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General Data Protection Regulation: Preparing for the change

Posted on 13th September 2017
Must read Briefing note

The aim of the General Data Protection Regulation (GDPR) is to harmonise data protection laws across the EU and to deal with significant advances in information technology and approaches to information sharing. This Briefing Note focuses on the GDPR from an employer’s perspective but many companies and other organisations will have other obligations under GDPR as well.

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Marsha Robinson Marsha
Solicitor Telephone: 01473694403
The GDPR is an EU regulation which, when it comes into force on 25 May 2018, will have direct effect on all member states - including the UK despite Brexit (at least for a short time!). Once Brexit happens it may well continue to apply to ensure retention of high levels of data protection and allow consistent data sharing across national borders.

The GDPR regime allows significant penalties to be imposed on businesses who breach the regulations, including fines of up to €20 million or, if higher, 4% of its worldwide turnover; a powerful incentive to comply.

Step 1 | Demonstrate compliance

The first step is to review data protection policies and contractual requirements with external data processors (e.g. payroll). As will be seen below, there are a number of changes under the GDPR and so revisions are very likely to be necessary for both employers and suppliers, who will need to ensure they are demonstrating data security and compliance with the GDPR.  It will not be sufficient simply to say you and they are complaint.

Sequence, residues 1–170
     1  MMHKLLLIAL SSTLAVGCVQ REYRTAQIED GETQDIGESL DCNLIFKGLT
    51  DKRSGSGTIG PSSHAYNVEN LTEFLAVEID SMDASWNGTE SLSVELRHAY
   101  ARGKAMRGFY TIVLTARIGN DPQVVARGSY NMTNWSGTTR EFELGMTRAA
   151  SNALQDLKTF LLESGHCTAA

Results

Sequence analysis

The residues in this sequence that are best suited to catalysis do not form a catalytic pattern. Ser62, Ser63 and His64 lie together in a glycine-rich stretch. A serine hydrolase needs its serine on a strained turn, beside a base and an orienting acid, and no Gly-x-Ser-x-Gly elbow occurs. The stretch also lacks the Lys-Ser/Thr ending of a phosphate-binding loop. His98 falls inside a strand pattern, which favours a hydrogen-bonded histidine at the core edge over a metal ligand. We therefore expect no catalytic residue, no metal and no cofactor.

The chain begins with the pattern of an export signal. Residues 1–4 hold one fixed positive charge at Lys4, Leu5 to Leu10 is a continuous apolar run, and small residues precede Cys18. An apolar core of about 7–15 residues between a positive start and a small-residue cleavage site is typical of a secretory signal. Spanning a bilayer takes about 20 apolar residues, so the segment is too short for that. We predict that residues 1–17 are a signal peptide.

If new HR systems are being considered, they should be built and contractual arrangements agreed with the GDPR requirements in mind.

Step 2 | Data audit

Most employers process significant amounts of data relating to employees including, for example, computer log data, websites visited, telephone calls, emails made/sent and received, CCTV and personnel data. Much of the data will be unstructured and may include sensitive personal data.  For example, a text from an employee to their manager saying they are unwell and unable attend work and the manager relaying this or making a record of it, is the processing of sensitive personal data.  Despite the unstructured nature of much of the data and lack of actual control over that data, the employer remains the data controller and owes various obligations.

A data audit must be carried out to establish what data is being processed within the organisation and where there may be any gaps in GDPR compliance.

Step 3 | Establish legal ground for data processing

Currently, many employers rely on employee consent to justify processing of personal data about them.  This is subject to criticism given the unequal relationship between employer and employee and whether the employee can give their consent freely in these circumstances.